.8457326
1.352935
.9922849
.6765415
.9720676
3.460546
1.002251
Results
• Regular cox regression analysis showed that
‘Early’ therapy results in a significant decrease
in TFTB, after adjustment for previous TB
diagnosis, baseline BMI, and baseline CD4 cell
count.
Data Management
• Data was collected with one row per
participant:
Data Management
• In STATA, using reshape command, we
reformatted dataset for analysis:
. quietly tabulate rxcode, generate(grp)
. rename grp1 Early
. stset t2, id(patid) failure(status==1) time0(t1)
id:
failure event:
obs. time interval:
exit on or before:
5659
212
36
5411
760
92
148364
patid
status == 1
(t1, t2]
failure
total obs.
entry on or after exit (t1>t2)
overlapping records (t2[_n-1]>t1)
obs. remaining, representing
subjects
failures in single failure-per-subject data
total analysis time at risk, at risk from t =
earliest observed entry t =
last observed exit t =
. stcox Early history_tb baseline_bmi cd4_count
failure _d:
analysis time _t:
status == 1
t2
PROBABLE ERROR
PROBABLE ERROR
0
0
329
Results – Cox Regression with timedependent covariates
. stcox Early history_tb baseline_bmi cd4_count
failure _d:
analysis time _t:
id:
status == 1
t2
patid
Iteration 0:
log likelihood
Iteration 1:
log likelihood
Iteration 2:
log likelihood
Iteration 3:
log likelihood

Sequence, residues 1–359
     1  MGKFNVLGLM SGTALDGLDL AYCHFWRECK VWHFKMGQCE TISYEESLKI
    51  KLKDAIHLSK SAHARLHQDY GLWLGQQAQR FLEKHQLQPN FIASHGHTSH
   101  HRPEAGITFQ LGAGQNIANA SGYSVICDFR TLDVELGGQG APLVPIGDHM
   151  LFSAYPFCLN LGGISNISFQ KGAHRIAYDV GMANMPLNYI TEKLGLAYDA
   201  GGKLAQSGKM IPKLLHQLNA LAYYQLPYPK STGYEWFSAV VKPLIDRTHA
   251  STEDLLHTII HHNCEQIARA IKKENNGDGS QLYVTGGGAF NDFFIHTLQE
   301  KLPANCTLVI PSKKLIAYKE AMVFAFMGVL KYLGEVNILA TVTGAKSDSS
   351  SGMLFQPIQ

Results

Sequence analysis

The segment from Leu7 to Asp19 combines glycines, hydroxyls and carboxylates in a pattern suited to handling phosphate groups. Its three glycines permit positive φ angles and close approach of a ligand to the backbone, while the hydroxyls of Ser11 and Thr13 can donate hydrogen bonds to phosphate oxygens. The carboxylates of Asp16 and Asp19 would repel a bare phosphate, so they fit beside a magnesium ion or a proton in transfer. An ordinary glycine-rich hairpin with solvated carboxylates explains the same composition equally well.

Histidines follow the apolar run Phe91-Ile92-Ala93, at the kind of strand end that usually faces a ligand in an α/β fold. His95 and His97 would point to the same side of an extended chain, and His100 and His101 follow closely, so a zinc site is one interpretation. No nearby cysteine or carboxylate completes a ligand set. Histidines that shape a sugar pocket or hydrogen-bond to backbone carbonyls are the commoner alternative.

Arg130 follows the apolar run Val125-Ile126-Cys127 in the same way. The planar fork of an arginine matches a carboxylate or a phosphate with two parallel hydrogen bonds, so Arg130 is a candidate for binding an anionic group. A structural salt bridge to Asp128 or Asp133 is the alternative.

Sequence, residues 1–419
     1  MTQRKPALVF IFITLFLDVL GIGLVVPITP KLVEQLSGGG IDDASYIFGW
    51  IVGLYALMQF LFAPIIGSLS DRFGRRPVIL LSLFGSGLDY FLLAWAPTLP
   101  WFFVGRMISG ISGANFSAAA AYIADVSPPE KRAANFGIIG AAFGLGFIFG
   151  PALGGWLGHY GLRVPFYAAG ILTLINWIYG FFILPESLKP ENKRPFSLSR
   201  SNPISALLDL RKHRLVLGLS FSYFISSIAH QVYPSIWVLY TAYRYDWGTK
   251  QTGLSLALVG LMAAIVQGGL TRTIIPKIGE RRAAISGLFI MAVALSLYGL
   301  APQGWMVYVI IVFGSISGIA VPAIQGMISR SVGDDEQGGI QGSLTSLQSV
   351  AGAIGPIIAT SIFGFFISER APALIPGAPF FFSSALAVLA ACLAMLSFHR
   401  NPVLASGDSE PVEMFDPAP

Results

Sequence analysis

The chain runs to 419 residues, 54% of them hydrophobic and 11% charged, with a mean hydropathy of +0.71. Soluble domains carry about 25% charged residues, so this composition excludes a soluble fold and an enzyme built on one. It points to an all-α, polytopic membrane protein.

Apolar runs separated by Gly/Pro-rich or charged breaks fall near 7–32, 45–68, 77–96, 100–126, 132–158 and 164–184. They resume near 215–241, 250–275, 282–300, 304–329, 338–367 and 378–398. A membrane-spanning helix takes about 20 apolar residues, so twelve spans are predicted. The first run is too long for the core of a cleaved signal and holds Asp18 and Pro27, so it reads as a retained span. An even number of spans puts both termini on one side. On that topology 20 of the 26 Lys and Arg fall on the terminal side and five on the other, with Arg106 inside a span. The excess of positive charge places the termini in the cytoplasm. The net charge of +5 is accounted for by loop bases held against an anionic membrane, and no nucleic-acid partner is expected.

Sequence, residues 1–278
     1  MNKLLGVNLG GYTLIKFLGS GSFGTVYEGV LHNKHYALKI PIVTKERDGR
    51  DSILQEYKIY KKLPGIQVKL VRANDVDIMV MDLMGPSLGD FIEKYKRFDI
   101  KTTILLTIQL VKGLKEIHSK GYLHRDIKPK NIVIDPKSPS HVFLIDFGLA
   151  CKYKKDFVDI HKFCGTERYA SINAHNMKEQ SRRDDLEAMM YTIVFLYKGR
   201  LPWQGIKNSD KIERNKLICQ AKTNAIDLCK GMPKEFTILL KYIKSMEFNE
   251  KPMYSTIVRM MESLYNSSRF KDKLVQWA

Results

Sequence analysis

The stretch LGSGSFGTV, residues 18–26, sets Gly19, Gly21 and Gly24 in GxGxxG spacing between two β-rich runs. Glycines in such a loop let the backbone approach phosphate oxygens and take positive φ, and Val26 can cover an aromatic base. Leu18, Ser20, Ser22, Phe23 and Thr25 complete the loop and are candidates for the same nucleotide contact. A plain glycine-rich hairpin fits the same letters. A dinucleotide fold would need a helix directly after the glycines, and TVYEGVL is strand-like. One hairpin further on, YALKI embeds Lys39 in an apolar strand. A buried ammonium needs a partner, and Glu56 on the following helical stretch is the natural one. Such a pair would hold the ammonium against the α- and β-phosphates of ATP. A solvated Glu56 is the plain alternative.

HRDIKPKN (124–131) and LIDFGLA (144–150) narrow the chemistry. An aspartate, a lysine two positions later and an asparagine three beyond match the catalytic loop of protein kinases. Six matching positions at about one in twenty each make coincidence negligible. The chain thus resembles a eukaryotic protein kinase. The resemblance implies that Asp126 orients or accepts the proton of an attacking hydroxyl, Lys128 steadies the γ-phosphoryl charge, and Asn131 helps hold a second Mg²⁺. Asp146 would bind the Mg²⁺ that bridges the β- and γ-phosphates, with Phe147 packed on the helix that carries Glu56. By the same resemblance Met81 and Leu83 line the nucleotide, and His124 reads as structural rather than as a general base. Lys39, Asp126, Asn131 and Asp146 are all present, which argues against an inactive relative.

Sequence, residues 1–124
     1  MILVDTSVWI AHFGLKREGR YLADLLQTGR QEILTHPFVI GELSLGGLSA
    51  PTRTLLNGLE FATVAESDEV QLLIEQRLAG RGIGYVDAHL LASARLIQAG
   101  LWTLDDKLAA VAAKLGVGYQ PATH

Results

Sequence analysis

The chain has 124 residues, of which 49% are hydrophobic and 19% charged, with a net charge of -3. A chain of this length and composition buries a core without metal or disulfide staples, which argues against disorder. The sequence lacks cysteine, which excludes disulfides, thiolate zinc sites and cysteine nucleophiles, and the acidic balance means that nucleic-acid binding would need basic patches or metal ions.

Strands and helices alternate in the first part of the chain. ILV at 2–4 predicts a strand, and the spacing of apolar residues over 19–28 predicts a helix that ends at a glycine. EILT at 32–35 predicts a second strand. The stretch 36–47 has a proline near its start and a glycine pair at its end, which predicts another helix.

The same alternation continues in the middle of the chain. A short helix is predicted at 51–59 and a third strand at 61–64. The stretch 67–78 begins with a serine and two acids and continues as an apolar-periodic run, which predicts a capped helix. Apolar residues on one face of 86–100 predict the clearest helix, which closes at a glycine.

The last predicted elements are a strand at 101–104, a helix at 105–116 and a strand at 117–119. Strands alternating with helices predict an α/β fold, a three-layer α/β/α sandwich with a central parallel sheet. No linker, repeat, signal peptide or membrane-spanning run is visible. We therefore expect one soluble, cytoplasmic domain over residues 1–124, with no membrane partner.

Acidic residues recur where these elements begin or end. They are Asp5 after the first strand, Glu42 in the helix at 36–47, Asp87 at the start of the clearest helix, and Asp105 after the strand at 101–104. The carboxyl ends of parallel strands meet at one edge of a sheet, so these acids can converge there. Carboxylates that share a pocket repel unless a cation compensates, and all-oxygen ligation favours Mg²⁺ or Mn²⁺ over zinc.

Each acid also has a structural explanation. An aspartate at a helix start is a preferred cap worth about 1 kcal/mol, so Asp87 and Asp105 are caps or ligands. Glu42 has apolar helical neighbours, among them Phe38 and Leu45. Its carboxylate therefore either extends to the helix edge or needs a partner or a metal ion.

Iteration 4:
log likelihood
Refining estimates:
Iteration 0:
log likelihood
=
=
=
=
=
-593.47212
-541.68367
-535.94519
-535.89227
-535.89226
= -535.89226
Cox regression -- Breslow method for ties
No. of subjects =
No. of failures =
Time at risk
=
Log likelihood
=
760
92
148364
-535.89226
_t
Haz. Ratio
Early
history_tb
baseline_bmi
cd4_count
.8041764
1.991573
.9376221
.9911868
Std. Err.
.1881104
.4914993
.0327094
.0010495
z
-0.93
2.79
-1.85
-8.36
Number of obs
=
5411
LR chi2(4)
Prob > chi2
=
=
115.16
0.0000
P>|z|
[95% Conf. Interval]
0.351
0.005
0.065
0.000
.5084414
1.227803
.8756554
.9891321
1.271926
3.230456
1.003974
.9932458
Results
• When treating CD4 cell count as time-varying
predictor in Cox regression, we find that ART
start time is not a significant predictor of
TFTB.
Conclusion
• Failing to adjust for the change in CD4 cell
counts over time led to reporting that ‘Early’
therapy significantly reduces risk of TB
diagnosis. Modeled correctly, the effect
becomes non-significant. This result has
substantial consequence on treatment
decision making.
Conclusion
• Our results help us to consider that TFTB
diagnosis in HIV positive patients is not
associated with start time of ART when overall
patient health is considered.
• Further analysis is needed before we are
comfortable making this conclusion.
Looking Forward
• We are currently in the process of further
examining the relationship between CD4 cell
count and ART start.
• Currently collecting data to examine time from
ART start to first TB diagnosis. For the Early
group this data does not change, however, for
the Standard group this may have a significant
effect on the analysis.
Acknowledgements
• Daniel W. Fitzgerald, M.D
• Sean Collins, M.D
• Sandra H. Rua, Ph.D
Thank You
[email protected]